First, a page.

13. Jul 12, 2010

### Phrak

In the analogy of water flow,
1) current corresponds with displaced fluid volume
2) voltage corresponds to pressure

This works just as well with AC or DC current. Circuit elements such as resistors, capacitors and inductors are easily modeled.

Resistance is modeled as a restriction of flow with viscous loss of energy.

A capacitor is modeled as a rubber diaphragm.

Even a straight wire has inductance, and the inertia of the fluid serves in correspondence. Inductance can be modeled as a great deal of lossless pipe. Alternately, using a little more apparatus such as an turbine and flywheel, the inertia of the fluid can be transfered to the flywheel then back to the fluid just as required.

14. Jul 12, 2010

### pallidin

After reading these posts, I find myself more confused than before. :surprised
Likely just me...

Last edited: Jul 12, 2010
15. Jul 12, 2010

### fluidistic

Say you are at the end of a long very crowed corridor. Everyone's quiet at the first moment. You push one person. Who pushes the next person and so on until all the people in the corridor have been pushed. "Current passed through the corridor".
It's an analogy with current. People are charges (or electrons if you prefer) and the corridor is the conductor. It doesn't matter how much people will leave the corridor being pushed forward, fast enough all the people will move. The current "flows" thanks to voltage and represent the people being pushed.
Any physicist correct me if I'm wrong, but I think that's a good analogy.

16. Jul 15, 2010

### Taturana

Hum, it makes things more clearly for me...

Then the waves that travels through a conductor that experiences a direct current are longitudinal waves?

17. Jul 16, 2010

### Born2bwire

No, electromagnetic waves, with few exceptions, are transverse waves. fluidistic's explanation is a bit misleading because it incorrectly implies that the charges are bumping into each other and this provides the push that propagates down faster than the charges themselves. The charges do undergo collisions, but this results in loss of energy as heat and is the classical model for resistance known as the Drude model. In addition, the waves do not penetrate the conductor in most situations. Only very low frequency waves can penetrate through a conductor for appreciable distances. However, DC fields do not penetrate the conductor either. Instead, the applied electric field resides on the surface of the conductor. What we are doing is setting up this electric field along the length of the wire in our DC circuit. The initial creation of this electric field has to be done by an electromagnetic wave since we have to actually turn on the circuit. That is, the applied voltage looks like a step function. During the step, there is a time changing voltage which creates an electromagnetic wave. This wave will travel down the wires but will quickly settle in as a constant DC electric field.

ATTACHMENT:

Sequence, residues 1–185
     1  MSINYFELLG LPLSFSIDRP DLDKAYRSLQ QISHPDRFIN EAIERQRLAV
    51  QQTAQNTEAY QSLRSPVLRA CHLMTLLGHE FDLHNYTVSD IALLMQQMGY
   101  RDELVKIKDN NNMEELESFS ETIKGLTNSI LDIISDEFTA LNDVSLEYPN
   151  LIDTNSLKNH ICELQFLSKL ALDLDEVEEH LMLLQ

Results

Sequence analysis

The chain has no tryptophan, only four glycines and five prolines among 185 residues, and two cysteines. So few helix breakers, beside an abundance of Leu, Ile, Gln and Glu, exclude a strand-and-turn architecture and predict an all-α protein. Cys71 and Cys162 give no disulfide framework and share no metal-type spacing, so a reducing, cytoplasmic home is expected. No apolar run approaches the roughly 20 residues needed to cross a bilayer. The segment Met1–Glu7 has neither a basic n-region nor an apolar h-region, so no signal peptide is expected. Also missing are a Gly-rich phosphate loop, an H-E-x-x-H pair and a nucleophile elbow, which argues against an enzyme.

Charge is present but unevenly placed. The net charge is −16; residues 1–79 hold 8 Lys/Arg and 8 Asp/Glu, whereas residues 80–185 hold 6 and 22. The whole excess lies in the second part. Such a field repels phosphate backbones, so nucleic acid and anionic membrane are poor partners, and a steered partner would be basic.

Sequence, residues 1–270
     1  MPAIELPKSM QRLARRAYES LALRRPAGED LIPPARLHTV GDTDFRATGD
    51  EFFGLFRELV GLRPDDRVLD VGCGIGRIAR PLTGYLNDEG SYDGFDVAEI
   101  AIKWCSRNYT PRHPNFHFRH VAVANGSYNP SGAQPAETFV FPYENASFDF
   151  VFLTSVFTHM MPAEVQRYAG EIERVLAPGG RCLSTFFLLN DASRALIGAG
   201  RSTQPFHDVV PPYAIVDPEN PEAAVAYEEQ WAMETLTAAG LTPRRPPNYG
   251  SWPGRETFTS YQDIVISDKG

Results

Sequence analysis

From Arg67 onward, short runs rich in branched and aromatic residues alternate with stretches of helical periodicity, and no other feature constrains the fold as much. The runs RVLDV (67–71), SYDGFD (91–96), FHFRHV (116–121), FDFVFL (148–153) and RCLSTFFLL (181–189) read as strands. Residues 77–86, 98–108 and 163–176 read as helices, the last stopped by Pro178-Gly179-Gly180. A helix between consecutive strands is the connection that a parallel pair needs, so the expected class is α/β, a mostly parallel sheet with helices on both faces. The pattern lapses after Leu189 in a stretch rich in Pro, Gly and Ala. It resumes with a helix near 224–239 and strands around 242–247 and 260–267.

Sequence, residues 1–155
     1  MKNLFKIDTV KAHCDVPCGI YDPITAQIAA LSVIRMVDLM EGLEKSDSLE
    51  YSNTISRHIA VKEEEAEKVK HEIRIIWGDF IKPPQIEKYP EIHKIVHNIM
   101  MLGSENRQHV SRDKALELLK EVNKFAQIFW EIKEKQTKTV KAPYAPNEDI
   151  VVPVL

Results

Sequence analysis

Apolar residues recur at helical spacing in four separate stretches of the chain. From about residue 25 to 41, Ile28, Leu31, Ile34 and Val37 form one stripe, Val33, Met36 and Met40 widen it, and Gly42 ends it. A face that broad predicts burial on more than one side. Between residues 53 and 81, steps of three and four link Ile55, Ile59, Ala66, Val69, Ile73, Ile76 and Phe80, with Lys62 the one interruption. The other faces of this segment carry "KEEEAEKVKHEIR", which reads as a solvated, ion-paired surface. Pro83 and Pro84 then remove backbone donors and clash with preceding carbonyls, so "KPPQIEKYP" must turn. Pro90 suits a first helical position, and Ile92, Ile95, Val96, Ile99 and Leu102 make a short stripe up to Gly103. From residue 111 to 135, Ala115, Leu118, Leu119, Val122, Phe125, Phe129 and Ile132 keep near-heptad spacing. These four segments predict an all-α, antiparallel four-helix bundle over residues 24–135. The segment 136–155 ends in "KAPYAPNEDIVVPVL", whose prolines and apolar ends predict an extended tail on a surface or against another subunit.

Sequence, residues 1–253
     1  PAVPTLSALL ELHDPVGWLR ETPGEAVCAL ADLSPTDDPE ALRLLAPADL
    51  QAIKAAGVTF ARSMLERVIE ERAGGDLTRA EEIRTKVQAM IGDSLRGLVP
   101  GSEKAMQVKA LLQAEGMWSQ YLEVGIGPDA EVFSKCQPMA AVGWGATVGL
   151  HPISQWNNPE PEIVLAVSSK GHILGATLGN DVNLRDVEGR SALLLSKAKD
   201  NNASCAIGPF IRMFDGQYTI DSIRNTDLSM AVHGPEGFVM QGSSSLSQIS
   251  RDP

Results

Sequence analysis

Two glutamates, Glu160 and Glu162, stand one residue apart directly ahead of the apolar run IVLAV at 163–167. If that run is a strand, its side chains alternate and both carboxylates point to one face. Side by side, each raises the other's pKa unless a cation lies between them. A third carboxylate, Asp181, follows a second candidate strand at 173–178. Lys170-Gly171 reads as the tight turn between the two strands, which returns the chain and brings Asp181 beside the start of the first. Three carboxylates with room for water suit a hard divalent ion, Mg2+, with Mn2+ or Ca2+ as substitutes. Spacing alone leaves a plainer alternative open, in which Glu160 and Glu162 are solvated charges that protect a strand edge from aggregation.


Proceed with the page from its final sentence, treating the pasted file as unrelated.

So we setup an electric field along the surface of the wire. This electric field exerts a Lorentz force on the charges on the wire and causes a current to flow. This electric field is created by sending an electromagnetic wave down the wire but it settles into the DC field very very quickly. It exists as a very brief transient.

18. Jul 16, 2010

### pallidin

Ah... much better.
My confusion leading to a deep depression with paranoid delusions are slipping away...